Politics? Difficult! Taboo tradeoffs? The concept is not too hard to understand if you think of the compromises you make in your day-to-day life. Nor is it in inter-nation-al affairs, if you think about it. Just read this study by Messrs Ginges, Atran, Medin & Shikaki via the pdf I’m offering for download. It’s an article written in 2006-10, published by the National Academy of Sciences of the USA in PNAS vol. 104 no. 18 d.d. 2007-05-01, pp. 7357-7360.
Although previous research into judgement and decisionmaking has demonstrated the ways in which normative rules of rationality are systematically violated when people make decisions aimed at achieving instrumental outcomes such as maximizing profit, our results show that people with sacred values may not reason instrumentally. These results have powerful implications for understanding the trajectory of many cultural, resource, and political conflicts, implying that when people transform a resource (such as land), an activity (such as hunting a particular animal or farming a certain crop), or an idea (such as obtaining a nuclear weapon) into a sacred value, attempts to solve disputes in a bargaining setting by focusing on increasing the costs or benefits of different actions can backfire. Instead, when dealing with conflicts involving sacred values, culturally sensitive efforts at identifying symbolic tradeoffs that involve equitable gains or losses over those values may open up new channels for peaceful resolution of otherwise intractable conflicts. […] violent opposition to compromise over issues considered sacred is (i) increased by offering material incentives to compromise but (ii) decreased when the adversary makes symbolic compromises over their own sacred values. […] the use of material incentives to promote the peaceful resolution of political and cultural conflicts may backfire when adversaries treat contested issues as sacred values.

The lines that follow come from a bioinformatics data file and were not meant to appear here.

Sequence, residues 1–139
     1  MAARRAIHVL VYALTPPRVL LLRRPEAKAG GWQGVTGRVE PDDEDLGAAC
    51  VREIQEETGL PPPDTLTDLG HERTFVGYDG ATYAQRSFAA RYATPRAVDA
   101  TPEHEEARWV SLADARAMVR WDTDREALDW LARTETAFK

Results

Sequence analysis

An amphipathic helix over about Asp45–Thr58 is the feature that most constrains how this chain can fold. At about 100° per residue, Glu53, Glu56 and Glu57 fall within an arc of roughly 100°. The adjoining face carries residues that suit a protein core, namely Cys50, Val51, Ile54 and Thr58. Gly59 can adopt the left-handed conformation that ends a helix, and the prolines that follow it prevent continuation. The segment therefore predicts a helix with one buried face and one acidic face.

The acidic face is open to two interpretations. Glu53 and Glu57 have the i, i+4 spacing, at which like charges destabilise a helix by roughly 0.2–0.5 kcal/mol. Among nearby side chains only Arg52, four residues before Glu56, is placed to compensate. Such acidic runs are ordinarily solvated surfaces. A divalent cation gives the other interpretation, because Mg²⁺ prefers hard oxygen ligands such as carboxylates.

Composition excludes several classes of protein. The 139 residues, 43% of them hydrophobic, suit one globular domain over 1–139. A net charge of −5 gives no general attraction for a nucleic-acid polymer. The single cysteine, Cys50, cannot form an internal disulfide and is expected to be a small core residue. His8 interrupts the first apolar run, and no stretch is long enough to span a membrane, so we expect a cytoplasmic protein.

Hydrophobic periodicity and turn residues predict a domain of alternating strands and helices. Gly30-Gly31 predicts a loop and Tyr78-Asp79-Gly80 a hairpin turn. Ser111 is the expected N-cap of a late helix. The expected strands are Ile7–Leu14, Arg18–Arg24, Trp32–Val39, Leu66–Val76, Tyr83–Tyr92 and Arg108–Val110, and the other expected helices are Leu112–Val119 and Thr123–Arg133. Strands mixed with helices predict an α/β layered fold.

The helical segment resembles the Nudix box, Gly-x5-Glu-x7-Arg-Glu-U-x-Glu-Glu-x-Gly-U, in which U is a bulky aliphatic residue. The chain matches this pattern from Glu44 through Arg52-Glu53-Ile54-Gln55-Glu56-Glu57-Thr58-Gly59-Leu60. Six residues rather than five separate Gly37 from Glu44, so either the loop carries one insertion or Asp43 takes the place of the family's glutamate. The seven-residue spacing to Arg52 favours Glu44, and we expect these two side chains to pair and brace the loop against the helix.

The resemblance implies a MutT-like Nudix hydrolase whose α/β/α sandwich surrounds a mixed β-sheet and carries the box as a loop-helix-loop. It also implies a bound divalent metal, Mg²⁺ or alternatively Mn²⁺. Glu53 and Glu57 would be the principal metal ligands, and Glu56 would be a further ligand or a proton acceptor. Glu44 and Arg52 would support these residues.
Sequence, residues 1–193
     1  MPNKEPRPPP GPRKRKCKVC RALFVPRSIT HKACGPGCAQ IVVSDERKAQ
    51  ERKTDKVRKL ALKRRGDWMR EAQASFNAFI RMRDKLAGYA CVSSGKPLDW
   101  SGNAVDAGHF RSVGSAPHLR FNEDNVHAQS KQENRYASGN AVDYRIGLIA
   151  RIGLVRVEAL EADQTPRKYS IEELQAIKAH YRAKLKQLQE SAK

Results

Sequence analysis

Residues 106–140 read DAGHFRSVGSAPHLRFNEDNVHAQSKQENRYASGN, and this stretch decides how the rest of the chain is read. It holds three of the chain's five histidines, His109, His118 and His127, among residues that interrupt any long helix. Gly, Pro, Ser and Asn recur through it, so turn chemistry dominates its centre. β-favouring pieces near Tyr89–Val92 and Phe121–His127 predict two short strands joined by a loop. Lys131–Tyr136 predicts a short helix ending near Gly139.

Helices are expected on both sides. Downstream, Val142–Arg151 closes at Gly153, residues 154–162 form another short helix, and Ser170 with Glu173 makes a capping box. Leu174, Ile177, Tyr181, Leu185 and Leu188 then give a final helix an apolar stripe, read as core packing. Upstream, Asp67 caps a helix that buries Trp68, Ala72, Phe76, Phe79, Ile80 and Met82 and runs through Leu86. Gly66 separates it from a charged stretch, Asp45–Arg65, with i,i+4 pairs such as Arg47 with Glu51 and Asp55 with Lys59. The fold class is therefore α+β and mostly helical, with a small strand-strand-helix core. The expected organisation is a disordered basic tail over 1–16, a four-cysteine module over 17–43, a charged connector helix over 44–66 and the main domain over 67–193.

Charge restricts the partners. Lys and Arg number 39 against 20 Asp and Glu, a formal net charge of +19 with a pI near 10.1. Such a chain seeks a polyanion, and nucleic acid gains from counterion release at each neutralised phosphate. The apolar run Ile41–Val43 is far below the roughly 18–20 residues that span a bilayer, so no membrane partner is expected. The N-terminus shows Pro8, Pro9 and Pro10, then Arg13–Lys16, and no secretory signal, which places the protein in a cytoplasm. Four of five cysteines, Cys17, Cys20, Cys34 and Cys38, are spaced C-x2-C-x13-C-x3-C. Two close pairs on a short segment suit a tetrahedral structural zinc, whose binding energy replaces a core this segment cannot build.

Creating peace is one thing. Keeping the dialogue going just to avoid polarisation and scapegoating (see previous post) is equally important one to keep the peace. Everywhere. Nationalism and nation branding are hard to avoid, nay impossible to eradicate. But the so called (brand) values have to be open for debate if a dialogue is needed to get a cohabitation going or in order to get other problems solved – rather than see them lead to further polarisation. A group of people has to be able to see a higher goal in the long run to avoid troubles in the short term, and therefore question some of its values if they stand in the way of the long term goals – especially if there’s too high a price to be paid – both in lives and economic damages. As Curtis sang: we got to have peace.
Source of the quote: http://PNAS.org/cgi/reprint/104/18/7357.pdf (zoom in below)
+ http://www.pnas.org/content/suppl/2007/04/16/0701768104.DC1 for more context
… discovered via “Taboe-uitruil” by Piet Borst in NRC Handelsblad, 2008-05-31 (and that’s not so long ago).
And see also: www.scientificamerican.com/article/psychology-of-taboo-tradeoff/ (Adam Waytz 2010-03-09).
Bonus: slactivism (~ Slacktivismus), http://mashable.com/2010/01/28/citizen-philanthropist/